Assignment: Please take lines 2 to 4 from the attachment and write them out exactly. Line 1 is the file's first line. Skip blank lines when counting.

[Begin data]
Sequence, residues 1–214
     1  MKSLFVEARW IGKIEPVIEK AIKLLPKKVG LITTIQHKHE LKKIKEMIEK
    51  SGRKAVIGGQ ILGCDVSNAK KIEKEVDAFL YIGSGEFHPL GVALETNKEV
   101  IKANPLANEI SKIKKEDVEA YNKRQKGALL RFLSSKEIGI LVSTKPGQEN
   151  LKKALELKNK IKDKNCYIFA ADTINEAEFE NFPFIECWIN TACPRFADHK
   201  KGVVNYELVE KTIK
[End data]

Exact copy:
     1  MKSLFVEARW IGKIEPVIEK AIKLLPKKVG LITTIQHKHE LKKIKEMIEK
    51  SGRKAVIGGQ ILGCDVSNAK KIEKEVDAFL YIGSGEFHPL GVALETNKEV
   101  IKANPLANEI SKIKKEDVEA YNKRQKGALL RFLSSKEIGI LVSTKPGQEN